identify the component motifs and the way they interact within the overall composition, not simply to reduce the style to a series of nuts and bolts, but to understand its dynamics. To begin with, unlike the Early Style, it is a low-relief style, which means that the interplay between foreground and background, latent in the Early Style, no longer pertains, at any rate not in the same way. By contrast, the Waldalgesheim Style comprises a continuous composition of conjoined elements, rather than rows of independent but potentially inter-acting motifs.

For Jacobsthal, a key component of the Waldalgesheim Style was the tendril, which could coalesce with other motifs such as whirligigs or fans. The tendril is essentially a classical motif, and it is not difficult to cite classical prototypes for Celtic tendril designs. Jacobsthal described the classical tendril as having fluid movement, by contrast to the static Celtic version. Frey convincingly showed that by infilling the tendril to create a curved triangle or vortex, the Celtic artist was able to allow the movement of the Celtic tendril to flow both ways, rather than being uni-directional. Martyn Jope (1971a) developed Jacobsthal's analysis of Waldalgesheim motifs in a study that also attempted to establish the existence of a Waldalgesheim 'master' as the principal progenitor of the style. The term was in fact Jacobsthal's (1944, 93), but there is no evidence that in using it he was implying anything more than the existence of one among a number of specialist craftsmen or workshops. Jope's thesis has not been generally adopted, not least because it is by no means certain that any of the grave-goods from the type-site, other than the spouted flagon, were local products. But his analysis of the constituent motifs of the style as exemplified on the torc and bracelets from the type-site, notwithstanding its rather florid articulation, was still among the most perceptive analyses available until Frey's in the definitive republication of the assemblage (Frey, 1995a).

A recurrent theme of the Waldalgesheim Style is a serpentine scroll, which may swell out like a slender leaf in some versions, but which forms the main agent of articulation of the design. This element commonly flows into curved triangles or vortexes from which at least one other corner will continue the flow of the composition. A particular feature of the Waldalgesheim group, noted by Jacobsthal and Jope, is the over-and-under figure-of-eight device forming a kind of interlace pattern that is particularly suitable for use in confined spaces. Further embellishment can be provided by finials, either fanlike peltae or concave-tailed fins. These designs are particularly well illustrated on the wagon accessories from Waldalgesheim, which included a series of yoke-fittings and ornamental embellishments. Two other ornamental plaques employ over-and-under figure-of-eight motifs to conceal elusive 'Cheshire Style' face masks, while figural representations in the yoke fittings include humanoid busts with 'leaf-crown' and a pair of opposed swan-like birds but with large, coral-inlaid eyes in open-work.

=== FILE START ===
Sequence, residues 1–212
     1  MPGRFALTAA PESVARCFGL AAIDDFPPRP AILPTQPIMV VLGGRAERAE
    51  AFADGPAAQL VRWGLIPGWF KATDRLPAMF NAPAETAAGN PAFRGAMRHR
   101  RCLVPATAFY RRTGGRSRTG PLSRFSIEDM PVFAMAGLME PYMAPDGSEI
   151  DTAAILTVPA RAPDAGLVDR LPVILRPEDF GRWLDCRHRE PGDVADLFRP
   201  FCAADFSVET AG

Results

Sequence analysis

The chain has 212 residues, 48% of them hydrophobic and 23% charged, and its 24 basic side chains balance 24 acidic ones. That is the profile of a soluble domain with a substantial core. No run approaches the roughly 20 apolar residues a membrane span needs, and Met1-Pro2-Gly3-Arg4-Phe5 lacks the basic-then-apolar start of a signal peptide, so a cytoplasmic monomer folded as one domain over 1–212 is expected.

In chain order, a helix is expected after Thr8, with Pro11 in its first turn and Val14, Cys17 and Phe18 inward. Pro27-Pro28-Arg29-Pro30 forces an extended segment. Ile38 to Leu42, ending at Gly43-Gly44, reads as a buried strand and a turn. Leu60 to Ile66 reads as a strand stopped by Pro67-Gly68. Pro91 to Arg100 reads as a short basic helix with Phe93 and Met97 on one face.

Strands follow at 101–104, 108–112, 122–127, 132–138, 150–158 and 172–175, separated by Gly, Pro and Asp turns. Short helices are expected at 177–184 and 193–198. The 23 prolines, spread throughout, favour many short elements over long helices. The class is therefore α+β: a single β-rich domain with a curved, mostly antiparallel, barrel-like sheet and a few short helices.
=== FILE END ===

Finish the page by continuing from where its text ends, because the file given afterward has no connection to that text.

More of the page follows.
A second fundamental theme, illustrated on the Waldalgesheim torc and bracelets by the triangular elements that form the ends of both central and buffer-terminal designs, is a Celtic rendering of the lyre-motif, commonly combined with palmette, but characteristically transformed by the Celtic artist through the extravagant use of over-and-under figures-of-eight or similar devices of non-classical inspiration. The bracelets nevertheless include some repetitive, frieze-like panels of stylized waves or hooks resembling those on the Amfreville helmet. And from between the foliage peer out small stylized faces with bulging eyes and twirly eyebrows, reminiscent of the face-masks of the Early Style. For two other motifs, exemplified on the torc and bracelets, Jope argued a direct derivation from the classical design below the handle-mounts of the Campanian bronze bucket (Figure 4.6, 1). The star-rosette terminals of the torc design certainly mirror the classical model, while the axillar fillings on torc and bracelets (Figure 4.6, 2 and 3) occupy the same relative position in the tendril-design as the convolvulus trumpet-flowers of the bucket cartouches. Whether or not the bucket was the exact model for a Celtic craftsman or school of craftsmen working in the patronage of the Waldalgesheim princess, there is little doubt regarding the authenticity of the derivation of these component elements in the Celtic design from a model that would have looked very much like the bucket cartouches. In the context of trans-alpine activity in the fourth century, there seems no reason to doubt that the model of a lyre-palmette with tendrils could have been available as the inspiration for a Celtic craftsman through a variety of agencies, more especially so if that craftsman had himself operated in Italy. The Waldalgesheim bucket, therefore, is less significant for its impact upon the imagination of a middle Rhenish 'master' (appealing though such a cameo insight might be) than for the fact that it must have been one of the last of the trans-alpine imports to reach that region before links between the Mediterranean world and north-alpine Europe went into decline for a couple of centuries.